Indian Parliament Passes Criminal Procedure (Identification) Bill  

The Rajya Sabha passed the Criminal Procedure (Identification) Bill 2022 on 4 April 2022. It seeks to authorise collecting, storing, and analysing biometric samples of convicts and others involved in criminal matters.

The Criminal Procedure (Identification) Bill 2022 replaces the Identification of Prisoners Act of 1920.

Home Minister Amit Shah stated that the data collected would be protected and shared through a secure mechanism so that people’s privacy is not risked.

“There are more stringent laws in countries like South Africa, U.K., Australia, Canada, U.S., which is why their conviction rate is better,” he said. He added that our law is ‘bachha’ (like a child), it is not as strict as the laws of other countries.

He noted that the Bill is capable of increasing the rate of conviction and forensic capacity and collecting scientific evidence. Also, it will eliminate third-degree methods against those accused of crimes. He added that new techniques are essential to tackle new-generation crimes.

‘We will ensure that the political agitators do not have to give their physical and biological samples. But if leaders are arrested in a criminal case, they will have to give their samples,” the Home Minister added.

Objectives of the Bill

The Bill proposes to allow the Police to collect finger impressions, palm prints impressions, footprint impressions, photographs, iris and retina scans, and physical and biological samples.

It also proposes collecting behavioural attributes, including signatures, handwriting, or other examination referred under Section 53 or Section 53A of CrPC.

Presently, the Police are permitted to take finger and footprint impressions of a limited category of convicts and non-convicted persons.

Section 3 in the Bill states that any person who has been convicted of an offence punishable under any law, shall, allow his measurement to be taken by the Police.

It further provides that denying to give the measurements will be an offence under Section 186 of IPC. It will attract a jail term of three months or a fine up to Rs 500 or both.

Storage of records

Shah clarified that the Bill had been brought in to ensure that Police and investigators remain two steps ahead of criminals.

The Home Minister said that the provisions would be used only in the cases of heinous crimes, and corresponding clarifications will follow in the Rules. He also assured us that the data would not be made available to the Police agencies. National Crime Records Bureau (NCRB) will be accountable for the storage and maintenance of the records.

Under the new Bill, the National Crime Records Bureau (NCRB) has been the nodal agency to store the physical and biological samples, signatures and handwriting data.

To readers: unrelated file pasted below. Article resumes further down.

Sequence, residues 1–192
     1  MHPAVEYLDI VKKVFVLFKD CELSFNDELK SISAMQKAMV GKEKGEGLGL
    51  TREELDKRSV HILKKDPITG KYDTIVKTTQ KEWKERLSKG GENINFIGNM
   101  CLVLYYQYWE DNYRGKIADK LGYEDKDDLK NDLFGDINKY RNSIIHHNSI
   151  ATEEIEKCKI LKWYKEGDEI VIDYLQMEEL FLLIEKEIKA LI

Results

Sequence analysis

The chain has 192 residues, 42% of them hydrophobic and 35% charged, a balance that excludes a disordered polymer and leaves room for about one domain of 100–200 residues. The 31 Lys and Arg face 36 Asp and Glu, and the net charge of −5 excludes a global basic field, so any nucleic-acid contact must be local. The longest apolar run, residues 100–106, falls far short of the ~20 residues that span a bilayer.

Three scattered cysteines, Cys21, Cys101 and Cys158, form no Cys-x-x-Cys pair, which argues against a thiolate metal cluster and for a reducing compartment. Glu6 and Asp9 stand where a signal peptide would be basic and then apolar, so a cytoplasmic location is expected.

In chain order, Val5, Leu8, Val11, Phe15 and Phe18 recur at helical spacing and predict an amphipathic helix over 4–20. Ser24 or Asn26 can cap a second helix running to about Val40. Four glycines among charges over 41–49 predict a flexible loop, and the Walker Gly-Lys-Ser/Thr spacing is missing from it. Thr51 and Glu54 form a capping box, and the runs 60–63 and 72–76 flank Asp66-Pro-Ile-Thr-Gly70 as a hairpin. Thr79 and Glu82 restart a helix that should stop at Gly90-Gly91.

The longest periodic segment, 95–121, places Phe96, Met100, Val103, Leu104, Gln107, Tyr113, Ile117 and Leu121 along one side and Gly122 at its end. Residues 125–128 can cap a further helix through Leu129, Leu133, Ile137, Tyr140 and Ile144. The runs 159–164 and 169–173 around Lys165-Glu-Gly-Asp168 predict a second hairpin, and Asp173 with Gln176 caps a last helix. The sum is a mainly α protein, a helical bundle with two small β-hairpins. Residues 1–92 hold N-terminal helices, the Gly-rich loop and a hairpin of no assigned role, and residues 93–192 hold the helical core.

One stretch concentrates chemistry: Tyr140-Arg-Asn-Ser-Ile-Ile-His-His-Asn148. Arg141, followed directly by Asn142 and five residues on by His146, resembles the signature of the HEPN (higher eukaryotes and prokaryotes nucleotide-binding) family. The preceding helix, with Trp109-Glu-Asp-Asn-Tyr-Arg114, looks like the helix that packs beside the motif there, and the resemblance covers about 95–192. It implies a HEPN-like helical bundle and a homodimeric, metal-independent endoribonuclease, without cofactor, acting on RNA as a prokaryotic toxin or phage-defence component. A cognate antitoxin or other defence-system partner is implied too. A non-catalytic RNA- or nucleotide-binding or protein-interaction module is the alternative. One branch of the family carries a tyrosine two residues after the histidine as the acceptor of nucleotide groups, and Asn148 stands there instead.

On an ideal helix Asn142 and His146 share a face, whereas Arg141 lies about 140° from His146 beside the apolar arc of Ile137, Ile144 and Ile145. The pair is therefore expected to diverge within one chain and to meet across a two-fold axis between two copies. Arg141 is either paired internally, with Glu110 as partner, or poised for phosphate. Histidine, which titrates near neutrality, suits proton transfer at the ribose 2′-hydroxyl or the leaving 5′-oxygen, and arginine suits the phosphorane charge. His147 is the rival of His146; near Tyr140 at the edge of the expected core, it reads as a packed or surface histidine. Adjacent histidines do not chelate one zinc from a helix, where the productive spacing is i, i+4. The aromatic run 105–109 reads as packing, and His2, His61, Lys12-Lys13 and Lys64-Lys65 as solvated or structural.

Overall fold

The Bill allows NCRB to preserve the data for at least 75 years. The NCRB has also been empowered to share the records with other law enforcement agencies.

As per the Bill, law enforcement agencies will be able to take measurements of convicts and “any other persons” for identification and investigation in criminal matters on a magistrate’s order.

The Bill says that those who are not convicted or arrested for crimes against women or children or those in custody for an offence punishable with imprisonment for a period less than seven years can deny permission to give their biological samples.

While consent will be taken before taking biological samples, the Bill allows for the forceful collection of such samples from persons arrested for offences against a woman or a child or if the offence carries a minimum of seven years imprisonment.

Criticism of the Bill

Congress leader P. Chidambaram opposed the Bill by saying that it was unconstitutional and violated the people’s liberty, privacy, and dignity.

“The Bill wasn’t referred to a select committee,” he said, adding that the government had not considered the Supreme Court’s historic verdicts in Selvi and Puttaswamy cases.

“In the Selvi case, the court said that polygraphy, narcoanalysis, and brain electrical activation profile (BEAP) violate an individual’s rights,” Chidambaram noted.

He also pointed to another section of the Bill, which says records collected could be shared with any law enforcement agency and noted that there was no definition for a law enforcement agency.

He noted that the European Court of Human Rights stated that the retention and storage of fingerprints, DNA profile, and cellular samples without consent are violations of human rights.

“There is no scientific basis to presume that any of the measurements, including handwriting, and fingerprints is unique to a person,” Chidambaram added.

CPI MP Binoy Viswam said the Bill was harsh. He added that the Centre wanted to threaten everybody.

“You want to take away all the human rights. You want to take the rights of the democratic movement of the country. This government has no regard for freedom,” he said.

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